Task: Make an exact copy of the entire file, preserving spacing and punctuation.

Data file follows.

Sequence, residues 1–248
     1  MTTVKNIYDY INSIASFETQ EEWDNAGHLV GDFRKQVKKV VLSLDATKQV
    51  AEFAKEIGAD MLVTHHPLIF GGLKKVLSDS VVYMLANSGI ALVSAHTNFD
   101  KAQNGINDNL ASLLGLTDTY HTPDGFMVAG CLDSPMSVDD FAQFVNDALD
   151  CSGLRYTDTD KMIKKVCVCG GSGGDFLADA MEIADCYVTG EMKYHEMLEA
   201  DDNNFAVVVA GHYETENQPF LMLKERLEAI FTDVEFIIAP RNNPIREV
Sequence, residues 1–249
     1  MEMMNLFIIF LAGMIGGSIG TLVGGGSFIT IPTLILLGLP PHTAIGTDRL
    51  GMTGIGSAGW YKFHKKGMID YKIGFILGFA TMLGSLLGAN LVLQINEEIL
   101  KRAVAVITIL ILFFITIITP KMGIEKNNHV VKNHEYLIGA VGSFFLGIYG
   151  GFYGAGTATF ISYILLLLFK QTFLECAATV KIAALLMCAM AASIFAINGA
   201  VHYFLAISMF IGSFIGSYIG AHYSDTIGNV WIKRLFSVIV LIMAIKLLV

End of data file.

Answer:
Sequence, residues 1–248
     1  MTTVKNIYDY INSIASFETQ EEWDNAGHLV GDFRKQVKKV VLSLDATKQV
    51  AEFAKEIGAD MLVTHHPLIF GGLKKVLSDS VVYMLANSGI ALVSAHTNFD
   101  KAQNGINDNL ASLLGLTDTY HTPDGFMVAG CLDSPMSVDD FAQFVNDALD
   151  CSGLRYTDTD KMIKKVCVCG GSGGDFLADA MEIADCYVTG EMKYHEMLEA
   201  DDNNFAVVVA GHYETENQPF LMLKERLEAI FTDVEFIIAP RNNPIREV
Sequence, residues 1–249
     1  MEMMNLFIIF LAGMIGGSIG TLVGGGSFIT IPTLILLGLP PHTAIGTDRL
    51  GMTGIGSAGW YKFHKKGMID YKIGFILGFA TMLGSLLGAN LVLQINEEIL
   101  KRAVAVITIL ILFFITIITP KMGIEKNNHV VKNHEYLIGA VGSFFLGIYG
   151  GFYGAGTATF ISYILLLLFK QTFLECAATV KIAALLMCAM AASIFAINGA
   201  VHYFLAISMF IGSFIGSYIG AHYSDTIGNV WIKRLFSVIV LIMAIKLLV